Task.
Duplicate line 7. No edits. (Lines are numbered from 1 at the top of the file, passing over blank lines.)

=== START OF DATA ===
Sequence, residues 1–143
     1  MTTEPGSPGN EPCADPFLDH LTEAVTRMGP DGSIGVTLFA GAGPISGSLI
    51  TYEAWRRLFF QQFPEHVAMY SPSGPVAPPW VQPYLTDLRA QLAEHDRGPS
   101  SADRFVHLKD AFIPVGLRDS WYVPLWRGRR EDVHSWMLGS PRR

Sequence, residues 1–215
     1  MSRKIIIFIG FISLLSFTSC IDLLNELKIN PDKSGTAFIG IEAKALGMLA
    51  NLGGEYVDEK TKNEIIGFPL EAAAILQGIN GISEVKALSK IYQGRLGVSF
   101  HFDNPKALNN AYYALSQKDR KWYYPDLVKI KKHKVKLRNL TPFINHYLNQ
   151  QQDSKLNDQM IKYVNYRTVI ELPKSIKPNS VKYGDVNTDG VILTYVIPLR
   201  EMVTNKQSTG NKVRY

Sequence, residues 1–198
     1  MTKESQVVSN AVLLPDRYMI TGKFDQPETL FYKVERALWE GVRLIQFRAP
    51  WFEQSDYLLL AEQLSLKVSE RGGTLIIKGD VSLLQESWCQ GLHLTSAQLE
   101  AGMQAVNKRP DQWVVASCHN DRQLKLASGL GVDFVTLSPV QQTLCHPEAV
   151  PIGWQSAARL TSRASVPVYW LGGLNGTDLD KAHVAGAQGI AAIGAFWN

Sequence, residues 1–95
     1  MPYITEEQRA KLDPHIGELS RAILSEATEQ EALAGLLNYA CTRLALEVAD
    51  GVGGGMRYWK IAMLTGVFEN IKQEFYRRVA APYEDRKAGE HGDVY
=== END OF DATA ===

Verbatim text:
    51  NLGGEYVDEK TKNEIIGFPL EAAAILQGIN GISEVKALSK IYQGRLGVSF